My last post dates back to early 2016 when I wrote about the risks of David Cameron sleepwalking us towards Brexit.
The cataclysm happened. And it then took an agonising four more years of tortuous debate for the UK to actually leave the European Union.
Friendships were left strained, relationships broken, investment stalled, and our parliamentary democracy suddenly looked very fragile indeed. Precious little was achieved in policy terms in the meantime.
There are so many lessons to draw, and myths to debunk, from this period. But there are three particular claims from the referendum period I want to debunk here, and one lesson which I think has been all too clear.
All for One is back! After a four year absence, it’s time to start feeding this blog again. Quite unlike a hungry child, it has waited patiently for me. Now, it’s my turn to pay it the attention it deserves.
Myth 1: more Remain emotion would have won it
After the referendum, people tended to look back on the two opposing campaigns as the Leave side carrying the emotion, while Remain mastered the facts. It is somewhat simplistic.
Of course both campaigns relied on emotion. You don’t win a campaign by pointing to facts all day long. If you don’t know that, the chances are you are not a very good campaigner.
But Leave offered a more positive vision, that of a global, free-trading Britain, liberated from the shackles of Brussels bureaucracy and able to spend more on its domestic services, like the NHS. It had its own negative tones: fear of immigration was a vote-winner. The spin around that issue was entirely negative. Leave’s chief strategist, Dominic Cummings, understood something that most people still don’t understand today. I encourage you to read this particular blog post from him if you haven’t already.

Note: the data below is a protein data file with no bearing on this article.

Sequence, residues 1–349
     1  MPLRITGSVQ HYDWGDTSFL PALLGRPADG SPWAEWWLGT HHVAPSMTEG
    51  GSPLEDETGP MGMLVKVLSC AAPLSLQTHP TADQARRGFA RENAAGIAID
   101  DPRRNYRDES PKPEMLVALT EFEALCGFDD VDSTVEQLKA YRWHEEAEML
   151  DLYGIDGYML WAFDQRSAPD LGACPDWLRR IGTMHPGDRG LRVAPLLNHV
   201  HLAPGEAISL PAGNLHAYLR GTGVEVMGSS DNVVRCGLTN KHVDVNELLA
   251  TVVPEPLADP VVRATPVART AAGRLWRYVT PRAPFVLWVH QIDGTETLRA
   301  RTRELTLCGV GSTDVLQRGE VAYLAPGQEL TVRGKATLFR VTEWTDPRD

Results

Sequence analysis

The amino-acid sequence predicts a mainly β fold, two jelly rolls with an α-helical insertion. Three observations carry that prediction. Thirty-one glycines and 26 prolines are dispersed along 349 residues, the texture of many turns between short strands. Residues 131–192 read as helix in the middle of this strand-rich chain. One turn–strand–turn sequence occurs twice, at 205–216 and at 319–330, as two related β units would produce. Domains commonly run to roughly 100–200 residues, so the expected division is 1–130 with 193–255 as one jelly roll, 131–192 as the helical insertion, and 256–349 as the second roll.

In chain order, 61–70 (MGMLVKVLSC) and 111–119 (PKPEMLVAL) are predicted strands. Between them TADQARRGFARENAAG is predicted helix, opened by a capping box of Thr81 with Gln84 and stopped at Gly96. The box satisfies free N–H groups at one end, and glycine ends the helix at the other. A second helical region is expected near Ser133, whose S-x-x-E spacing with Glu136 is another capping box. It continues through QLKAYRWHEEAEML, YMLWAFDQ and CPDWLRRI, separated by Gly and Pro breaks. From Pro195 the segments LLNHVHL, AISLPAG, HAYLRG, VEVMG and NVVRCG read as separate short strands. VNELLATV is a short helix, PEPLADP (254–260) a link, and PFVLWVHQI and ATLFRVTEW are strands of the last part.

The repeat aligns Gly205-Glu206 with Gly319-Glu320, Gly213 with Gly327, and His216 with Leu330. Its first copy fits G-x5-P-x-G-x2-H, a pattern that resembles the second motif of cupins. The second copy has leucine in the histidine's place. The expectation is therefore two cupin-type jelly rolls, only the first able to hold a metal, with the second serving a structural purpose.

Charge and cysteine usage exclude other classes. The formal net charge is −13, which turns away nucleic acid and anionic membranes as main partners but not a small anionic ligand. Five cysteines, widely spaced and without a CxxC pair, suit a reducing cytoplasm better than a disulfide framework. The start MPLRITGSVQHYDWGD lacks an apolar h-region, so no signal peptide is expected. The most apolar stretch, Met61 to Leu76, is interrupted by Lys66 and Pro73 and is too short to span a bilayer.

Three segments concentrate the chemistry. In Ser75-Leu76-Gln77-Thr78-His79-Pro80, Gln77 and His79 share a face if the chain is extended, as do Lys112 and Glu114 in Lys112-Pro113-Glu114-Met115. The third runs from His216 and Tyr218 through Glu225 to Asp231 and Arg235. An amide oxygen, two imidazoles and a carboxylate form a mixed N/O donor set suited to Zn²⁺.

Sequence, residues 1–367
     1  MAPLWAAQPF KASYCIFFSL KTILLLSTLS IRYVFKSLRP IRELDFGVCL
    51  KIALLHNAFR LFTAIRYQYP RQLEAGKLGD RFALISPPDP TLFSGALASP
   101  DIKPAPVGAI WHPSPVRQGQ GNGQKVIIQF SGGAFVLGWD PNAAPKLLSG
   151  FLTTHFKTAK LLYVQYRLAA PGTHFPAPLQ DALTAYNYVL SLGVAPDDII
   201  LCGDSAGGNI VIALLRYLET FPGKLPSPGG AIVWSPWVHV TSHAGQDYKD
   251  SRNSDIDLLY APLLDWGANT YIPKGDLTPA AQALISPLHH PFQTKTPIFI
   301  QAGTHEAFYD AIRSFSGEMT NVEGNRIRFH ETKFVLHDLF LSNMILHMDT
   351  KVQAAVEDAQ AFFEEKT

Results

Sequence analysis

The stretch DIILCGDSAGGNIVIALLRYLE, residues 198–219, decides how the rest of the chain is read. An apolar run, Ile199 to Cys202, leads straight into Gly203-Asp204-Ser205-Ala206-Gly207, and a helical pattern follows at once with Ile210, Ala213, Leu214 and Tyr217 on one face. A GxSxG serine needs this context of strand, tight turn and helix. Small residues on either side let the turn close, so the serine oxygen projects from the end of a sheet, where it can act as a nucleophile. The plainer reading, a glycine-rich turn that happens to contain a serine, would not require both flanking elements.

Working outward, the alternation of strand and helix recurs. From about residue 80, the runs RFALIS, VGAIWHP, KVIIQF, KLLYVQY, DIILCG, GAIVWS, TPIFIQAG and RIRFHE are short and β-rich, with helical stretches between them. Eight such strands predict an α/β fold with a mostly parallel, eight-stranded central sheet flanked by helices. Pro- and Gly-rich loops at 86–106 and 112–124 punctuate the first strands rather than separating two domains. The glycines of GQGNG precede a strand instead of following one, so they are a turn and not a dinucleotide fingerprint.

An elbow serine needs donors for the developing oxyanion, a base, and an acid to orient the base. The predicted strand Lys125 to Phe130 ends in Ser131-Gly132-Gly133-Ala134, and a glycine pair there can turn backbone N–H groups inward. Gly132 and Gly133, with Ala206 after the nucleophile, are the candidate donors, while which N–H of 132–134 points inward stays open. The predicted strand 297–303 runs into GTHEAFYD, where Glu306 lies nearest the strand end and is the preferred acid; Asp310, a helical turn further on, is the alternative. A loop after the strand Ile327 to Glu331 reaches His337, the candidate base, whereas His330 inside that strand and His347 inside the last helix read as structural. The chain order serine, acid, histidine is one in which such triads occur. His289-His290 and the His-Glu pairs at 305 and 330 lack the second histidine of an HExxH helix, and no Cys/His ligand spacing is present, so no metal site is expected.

Yet the Remain campaign was built around fear. Fear of the unknown. Fear of change. Fear of the consequences. Theirs was a campaign which, based on books of statistics, simply said ‘Look at how many jobs depend on the EU’, or ‘This much of GDP is thanks to the Single Market’ to show what the UK could lose if we left.
Since the referendum, I have heard people argue that if the Remain side had fought a more positive emotional campaign, such as ‘The EU has given us 70 years of peace in a war-torn continent’ or ‘Look at the opportunities to live, work and play across the EU our grandparents didn’t have’, it might have won.
Erm, put simply, no.
The likelihood is that, had the Remain camp done so, it would have been trounced. The Remain camp was right to fight a campaign based on economic arguments. That was its best shot.
The reason is simple. Brits generally did not have (note that I use the past tense ‘did’ because I think that has now changed) an underlying emotional attachment to the EU, unlike many continental Europeans.
When Europe emerged from WWII, the UK didn’t share the need to unite with other European countries in a peace project. When the UK contemplated joining the EEC as it was called back in the 70s, it was for economic reasons above all. Britain was struggling. Joining a large market on its doorstep made economic sense, not emotional sense.
The Channel has always formed some sort of psychological barrier for most Britons. Brits rarely tended to think of themselves as Europeans, again until recently. It isn’t uncommon to hear ‘I’m going to Europe next week’ when referring to France or Germany. Nobody on the continent would say they are going to ‘Europe’ because they are hopping across a border for the day. The 33km separating Dover from Calais can feel like 5,000km sometimes.
When Britain was part of the EU, the EU flag was as visible on public buildings as ‘warm’ English beer is on a Czech table. The British never ‘saw’ Europe at home.